After refuting the telephone provider and the electric grid analogies, I went on to offer what I believe are better analogies to understand social responsibility on the Internet. I have argued that better analogies are those between the Internet and a large first and second hand bookstore, or between the Internet and a large library. An owner of a bookstore cannot be held responsible for the content of each and every book in her store. She does not read and inspect all the books. Similarly, it can be argued, an Internet provider should not be held accountable for content on its server. But if a bookstore owner is informed that a specific book contains child pornography, some other illegal material, or material that violates copyright, and she does not take the book off the shelves, then the owner may be held legally responsible for violation of the law. And she is also morally responsible. Similarly, it can be argued, is the case on the Internet. ISPs and WHSs have discretion whether their services are opened for all or limited in one way or another.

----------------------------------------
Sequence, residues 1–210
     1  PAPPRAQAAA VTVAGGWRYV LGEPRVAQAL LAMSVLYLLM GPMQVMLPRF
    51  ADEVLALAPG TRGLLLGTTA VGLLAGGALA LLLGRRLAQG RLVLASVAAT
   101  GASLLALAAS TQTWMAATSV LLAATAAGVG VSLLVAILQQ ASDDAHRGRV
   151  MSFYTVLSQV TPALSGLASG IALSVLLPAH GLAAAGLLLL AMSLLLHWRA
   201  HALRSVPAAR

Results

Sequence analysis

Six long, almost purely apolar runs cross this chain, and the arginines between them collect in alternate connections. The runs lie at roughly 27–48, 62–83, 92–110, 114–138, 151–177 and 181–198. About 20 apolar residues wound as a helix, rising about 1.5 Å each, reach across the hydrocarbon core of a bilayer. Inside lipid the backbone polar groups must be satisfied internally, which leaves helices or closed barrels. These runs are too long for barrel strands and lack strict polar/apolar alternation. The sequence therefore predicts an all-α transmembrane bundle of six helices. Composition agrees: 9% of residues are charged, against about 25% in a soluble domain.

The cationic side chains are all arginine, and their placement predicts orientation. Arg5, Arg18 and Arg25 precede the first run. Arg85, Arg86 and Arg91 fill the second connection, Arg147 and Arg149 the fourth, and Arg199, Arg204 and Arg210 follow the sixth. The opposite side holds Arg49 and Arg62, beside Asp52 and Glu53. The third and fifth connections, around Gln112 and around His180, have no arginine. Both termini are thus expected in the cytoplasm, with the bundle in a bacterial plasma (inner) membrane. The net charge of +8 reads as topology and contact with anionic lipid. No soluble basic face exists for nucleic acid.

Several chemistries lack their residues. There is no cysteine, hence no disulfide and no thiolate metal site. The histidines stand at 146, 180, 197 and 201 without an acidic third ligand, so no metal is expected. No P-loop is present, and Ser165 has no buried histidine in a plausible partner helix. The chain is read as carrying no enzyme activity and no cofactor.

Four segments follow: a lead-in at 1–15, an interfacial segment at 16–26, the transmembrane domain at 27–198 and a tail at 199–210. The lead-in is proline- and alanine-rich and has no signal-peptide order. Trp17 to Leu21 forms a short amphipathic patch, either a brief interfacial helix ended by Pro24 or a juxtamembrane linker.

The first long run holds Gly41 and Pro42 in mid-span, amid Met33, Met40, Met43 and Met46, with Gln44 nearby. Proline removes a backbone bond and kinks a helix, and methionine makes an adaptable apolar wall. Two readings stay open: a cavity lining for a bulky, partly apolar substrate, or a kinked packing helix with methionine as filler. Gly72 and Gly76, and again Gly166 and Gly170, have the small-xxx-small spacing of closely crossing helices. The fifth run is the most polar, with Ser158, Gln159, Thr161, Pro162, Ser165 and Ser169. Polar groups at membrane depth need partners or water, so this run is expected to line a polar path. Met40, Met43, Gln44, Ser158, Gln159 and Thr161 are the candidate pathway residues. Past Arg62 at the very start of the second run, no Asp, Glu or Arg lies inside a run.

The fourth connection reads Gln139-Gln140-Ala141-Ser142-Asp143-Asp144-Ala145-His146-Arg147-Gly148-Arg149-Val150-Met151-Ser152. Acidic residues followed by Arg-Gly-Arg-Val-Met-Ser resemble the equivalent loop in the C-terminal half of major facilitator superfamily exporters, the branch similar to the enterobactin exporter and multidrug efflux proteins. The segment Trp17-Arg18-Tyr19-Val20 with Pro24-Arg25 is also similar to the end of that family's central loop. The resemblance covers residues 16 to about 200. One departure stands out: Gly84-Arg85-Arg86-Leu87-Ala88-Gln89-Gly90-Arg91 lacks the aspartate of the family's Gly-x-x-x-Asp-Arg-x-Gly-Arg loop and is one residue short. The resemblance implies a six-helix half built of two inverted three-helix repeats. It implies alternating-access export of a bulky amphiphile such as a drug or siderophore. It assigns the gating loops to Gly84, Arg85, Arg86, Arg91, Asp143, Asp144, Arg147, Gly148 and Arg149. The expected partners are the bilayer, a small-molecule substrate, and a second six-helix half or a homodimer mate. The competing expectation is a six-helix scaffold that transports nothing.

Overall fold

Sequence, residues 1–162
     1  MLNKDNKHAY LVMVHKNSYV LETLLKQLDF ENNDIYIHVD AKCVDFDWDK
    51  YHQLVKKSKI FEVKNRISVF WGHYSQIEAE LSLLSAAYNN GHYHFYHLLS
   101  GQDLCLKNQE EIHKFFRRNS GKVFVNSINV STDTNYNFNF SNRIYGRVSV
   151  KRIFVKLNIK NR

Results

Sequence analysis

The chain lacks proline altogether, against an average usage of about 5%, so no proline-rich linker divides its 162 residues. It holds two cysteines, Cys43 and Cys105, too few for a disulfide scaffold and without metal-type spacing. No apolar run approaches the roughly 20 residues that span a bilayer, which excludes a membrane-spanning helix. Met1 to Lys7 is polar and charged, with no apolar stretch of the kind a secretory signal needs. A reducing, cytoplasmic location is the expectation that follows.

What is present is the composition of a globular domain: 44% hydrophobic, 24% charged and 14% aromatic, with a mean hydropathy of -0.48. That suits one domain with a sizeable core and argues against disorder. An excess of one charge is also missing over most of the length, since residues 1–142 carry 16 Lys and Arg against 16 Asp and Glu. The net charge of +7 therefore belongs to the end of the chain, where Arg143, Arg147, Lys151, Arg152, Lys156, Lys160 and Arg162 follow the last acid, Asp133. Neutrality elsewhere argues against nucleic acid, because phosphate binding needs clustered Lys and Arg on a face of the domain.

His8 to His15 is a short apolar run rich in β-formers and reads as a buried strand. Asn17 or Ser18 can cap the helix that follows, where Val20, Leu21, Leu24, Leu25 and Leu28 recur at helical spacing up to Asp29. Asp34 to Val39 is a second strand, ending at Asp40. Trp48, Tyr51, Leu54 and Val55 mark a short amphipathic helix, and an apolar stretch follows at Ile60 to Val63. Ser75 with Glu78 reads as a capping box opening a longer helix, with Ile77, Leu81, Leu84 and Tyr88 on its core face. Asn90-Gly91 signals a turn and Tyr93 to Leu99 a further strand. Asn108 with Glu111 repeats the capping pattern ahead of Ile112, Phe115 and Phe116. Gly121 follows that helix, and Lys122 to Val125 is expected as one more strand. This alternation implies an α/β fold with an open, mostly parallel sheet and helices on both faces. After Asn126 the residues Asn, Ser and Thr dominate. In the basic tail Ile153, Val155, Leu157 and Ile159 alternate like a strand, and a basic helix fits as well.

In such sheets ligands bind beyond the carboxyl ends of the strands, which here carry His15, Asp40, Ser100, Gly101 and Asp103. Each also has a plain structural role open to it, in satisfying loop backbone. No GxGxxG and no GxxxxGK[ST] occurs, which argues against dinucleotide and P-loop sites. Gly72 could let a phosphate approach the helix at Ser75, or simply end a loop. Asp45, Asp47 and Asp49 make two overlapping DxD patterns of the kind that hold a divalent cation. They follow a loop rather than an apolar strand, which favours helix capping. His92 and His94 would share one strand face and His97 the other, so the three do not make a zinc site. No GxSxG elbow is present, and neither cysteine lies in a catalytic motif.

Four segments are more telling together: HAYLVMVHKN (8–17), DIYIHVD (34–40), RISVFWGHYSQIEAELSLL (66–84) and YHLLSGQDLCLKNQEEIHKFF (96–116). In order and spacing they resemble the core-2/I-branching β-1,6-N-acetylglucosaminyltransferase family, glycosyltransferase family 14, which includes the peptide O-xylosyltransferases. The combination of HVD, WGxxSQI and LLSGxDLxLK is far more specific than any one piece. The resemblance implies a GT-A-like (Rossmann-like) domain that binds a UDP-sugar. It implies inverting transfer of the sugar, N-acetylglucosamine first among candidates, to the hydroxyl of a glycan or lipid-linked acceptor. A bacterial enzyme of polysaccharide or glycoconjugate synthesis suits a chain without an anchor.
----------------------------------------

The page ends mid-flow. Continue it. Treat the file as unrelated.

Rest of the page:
Bookstore owners do have discretion about the books they offer for buyers. Many would like to maintain a quiet and tranquil atmosphere in the store. The books, accordingly, will be for the general readership. Other book owners might opt for a more rowdy atmosphere. They will entertain books of socially problematic material. The likely result would be that the general readership would refrain from visiting those bookstores. Those stores would become niche stores, for particular readers.
In both kinds of store, their owners would like to keep the business going. They will listen to warnings about the illegality of certain books. The same, it can be argued, is true of ISPs and WHSs: Provide a notice first, allowing the provider to make a decision about the consequences to which she might be held liable. If the provider/host does not act upon the warning, then it will have to face the consequences. Indeed, on copyrights issues ISPs are expected to assume responsibility. They should also assume moral and social responsibility when violent, anti-social activities are taking place on their servers. Most ISPs and web-hosting companies would not like their servers to be transformed into forums in which people concoct criminal activities.